Terroirs of Burgundy with Robin Garr
In This Issue
Pork belly Not just for commodities trading any more, this fatty but succulent cut is gaining attention in some of the nation's top dining rooms.
Pork belly: The name sounds like a joke, and depending on your point of view, you may think of traders selling commodities futures on the Chicago Mercantile Exchange, or perhaps hearty peasant food in China and Korea, rural France and the American South.
But attitudes toward pork belly are changing as comfort food moves upscale. More than a decade ago, it became popular at hot spots in New York City - Daniel and Gramercy Tavern among others - where it was sometimes shown on the menu as "fresh bacon" to avoid putting cautious diners off their feed. Now it's turning up on white-tablecloth menus not only in Gotham but across the U.S.; in Louisville last winter, Chef Todd Richards of the Seelbach Hotel's Oakroom came up with a memorable, spicy and aromatic version that was three days in the making.
Cut from the underside of the pig, as the name implies, pork belly is a fatty cut - layered with crosswise strips of white fat and scarlet lean meat - that's most familiar in the Western Hemisphere once it's cured and smoked as American-style bacon. In Asian cuisines, and somewhat less commonly in Southern soul food, it's most often prepared as an entire slab, marinated and braised for hours so the fat melts out and infuses the meat with silken tenderness.
I've been meaning to try it for a while, but pork belly is not an ingredient that turns up regularly at your local supermarket, or even specialty stores like Whole Foods. I finally found some at a local Chinese market, which offered pork belly in 1-pound frozen packages, already sliced into thick strips like bacon. At first I was disappointed that I couldn't experiment with a whole slab, but after thawing some and playing around with it, the pre-sliced belly started looking like an advantage because the relatively thin slices can be cooked up quickly, almost as fast as making bacon.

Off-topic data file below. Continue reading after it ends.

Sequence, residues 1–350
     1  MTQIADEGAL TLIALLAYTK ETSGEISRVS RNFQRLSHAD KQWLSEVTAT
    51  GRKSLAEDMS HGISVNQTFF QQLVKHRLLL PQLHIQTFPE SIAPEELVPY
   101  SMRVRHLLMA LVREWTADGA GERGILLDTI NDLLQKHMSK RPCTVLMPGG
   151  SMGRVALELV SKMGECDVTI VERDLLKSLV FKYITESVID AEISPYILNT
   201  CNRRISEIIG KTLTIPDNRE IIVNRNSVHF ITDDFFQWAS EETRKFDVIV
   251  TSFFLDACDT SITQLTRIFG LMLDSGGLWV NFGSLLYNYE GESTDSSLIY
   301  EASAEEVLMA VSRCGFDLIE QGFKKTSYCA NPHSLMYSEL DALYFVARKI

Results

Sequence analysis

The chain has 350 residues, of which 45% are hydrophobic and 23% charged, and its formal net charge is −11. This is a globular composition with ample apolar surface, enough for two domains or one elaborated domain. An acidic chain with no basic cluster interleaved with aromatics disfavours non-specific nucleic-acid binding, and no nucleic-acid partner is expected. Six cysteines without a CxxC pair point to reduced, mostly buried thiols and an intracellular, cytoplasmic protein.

Indeed, the finished product looks a lot like bacon, although more brown than red. But it doesn't taste like bacon - or unsmoked pancetta either. Think of a crisp bite, more succulent than fatty, that crunches like thick bacon but isn't salty, with a taste reminiscent of a flavorful, old-fashioned pork chop.
For my first experiment, I kept things simple, in the interest of learning more about the cut, a procedure too simple to require a full recipe: Cut two or three slices of pork belly across the grain into matchstick strips, and skillet-fry them until they're crisp and most of the fat has rendered; drain them on paper towels, keeping warm, and pour off and discard most of the fat. Use the remaining fat in the same skillet to brown chopped onions and minced garlic, seasoning with a little salt and pepper and a shake of dried red-pepper flakes. Then quickly cook a couple of pork chops in the same skillet. When the chops are just done - don't overcook - put the crispy pork-belly bits back in to warm through; deglaze the skillet with a little water, stock or wine, and serve. This is a "meaty" dish to be sure - I used thin pork loin chops to avoid over-serving - but worth the effort, as the intense flavors from the pork belly and browned onions infuses the chops and boosts their flavor.
Another time I used up a few more strips of pork belly as the meat in a quick Hunan-style pork stir-fry. I crisped 1-inch squares of pork belly, then added bite-size chunks of eggplant, mushroom, green pepper and onion with a quick, scanty, lightly spicy sauce. Here's how:
3 or 4 thick slices uncured pork belly, about 6-8 ounces (180-240g)
1 small Italian or Thai eggplant
1/2 of a large green bell pepper
1/2 of a medium Vidalia or other sweet white onion
6-8 small fresh brown or white domestic mushrooms
1 clove garlic
1/2-inch (1cm) slice fresh ginger
2 tablespoons (30g) Heinz Chili Sauce (or, if you must, good-quality ketchup)
2 tablespoons hoisin sauce